[This was a very close game. It was all the three knights could do during the last third of the game to keep from losing outright. We missed a couple of opportunities to use our strengths and items to best effect, but did pretty well for our first time. The time spent was engaging and quick a lot of fun. Cheers and high-fives all around.]

[SoC image by TedTorgerson.]

Tuesday, June 20, 2006

1000 Games!

Yesterday I recorded my 1000th game played on BGG. Initially, I was not good about recording. I also did not necessarily record the games on the day they were played. So this total is far short of reality. But it still seems like a milestone. This represents an average of 1.37 games per day.

I really wish I had been more careful. I would like to be able to look back and do some statistics on most/least played, perhaps which games were played more on which days of the week, and some trends. But I fear my earlier sloppiness will make these values invalid. For the past year or so, I have been much better about recording games, and intend to continue.

Many thanks to everyone who has played games with me, taught me games, answered questions, written reviews, and just been good gaming friends.

- Jim

Tuesday, June 13, 2006

Recent Gaming

The past month has been good to me. Lots of gaming, and in particular, lots of unplayed games hitting the table. There's something visceral about handling the bits, watching your opponents take their moves, and looking into their helpless eyes as you crush them. Or not.

Kahuna: This game continues to be an enjoyable abstract. You would think with a shuffled deck of cards that there would be enough randomness to prevent most AP. But even with a small number of choices, and an unknown future, the decisions can be wonderfully painful. Kahuna is also a game of chicken. That is, it is often to your advantage not to commit until after the opponent does. This is because of the basic mechanic that playing a stone removes all of the opponent's bridges. Once the stone is there, you can add any bridges you want. However, you cannot wait forever. Once you get 5 cards in your hand, they start "leaking out". My play tends to be in bursts; hold critical cards until I can play enough to affect some dramatic change on an island or two.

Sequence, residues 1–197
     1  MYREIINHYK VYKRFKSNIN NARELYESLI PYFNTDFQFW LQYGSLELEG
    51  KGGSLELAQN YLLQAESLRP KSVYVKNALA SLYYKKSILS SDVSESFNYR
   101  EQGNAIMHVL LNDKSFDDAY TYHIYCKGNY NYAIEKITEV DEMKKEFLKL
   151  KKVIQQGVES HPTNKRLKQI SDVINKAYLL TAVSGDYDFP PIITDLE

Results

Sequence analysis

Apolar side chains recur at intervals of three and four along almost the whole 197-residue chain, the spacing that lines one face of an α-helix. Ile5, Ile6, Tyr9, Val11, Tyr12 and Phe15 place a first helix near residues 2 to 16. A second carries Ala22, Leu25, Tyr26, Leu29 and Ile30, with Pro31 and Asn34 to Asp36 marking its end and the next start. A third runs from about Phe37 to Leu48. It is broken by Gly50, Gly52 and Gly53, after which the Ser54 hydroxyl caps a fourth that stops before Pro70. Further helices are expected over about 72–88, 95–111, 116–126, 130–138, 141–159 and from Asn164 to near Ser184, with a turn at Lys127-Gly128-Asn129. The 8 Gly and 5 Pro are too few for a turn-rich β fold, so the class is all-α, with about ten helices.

Jambo: Another "long filler" like Kahuna. This one is losing a little ground in my ratings. Every goods card is valuable, so you try to use them all to buy or sell. Each player seems to have their own ideas about useful people, animals, and utilities. But overall, the games are starting to feel the same. It is fun, but not top tier.

Ra: This one never gets old. As auction games go, Ra has the most interesting, yet simple, mechanism. It's not as open-ended as, say, Modern Art, so your decisions are really focused: draw a tile or invoke Ra. The new edition is very nice.

PUNCT: This satisfies my need for a 100% information abstract and is a pretty game. Lately I find that moving pieces is wasteful. Trying to move pieces just to cross the center hex is even more so. Simply having more pieces in play than your opponent is a huge factor. Make threats that help your position and force the opponent to react in a way that doesn't necessarily help themselves (called sente in Go). For example, add a new piece to the board which forces your opponent to move one of his pieces. I hope this game is never "solved".

Coloretto: Filler all the way. We only bring this out when the lowest common denominator is a non-gamer, or when our brains are tired. I find the 2p variant just as satisfying--if not more--than a multi-player game.

Geschenkt: Another true filler. Played this at two different sessions recently. Both times, everyone wanted to play again. There's too much luck to take the game seriously, but it's fun for the 10 minutes it takes to play.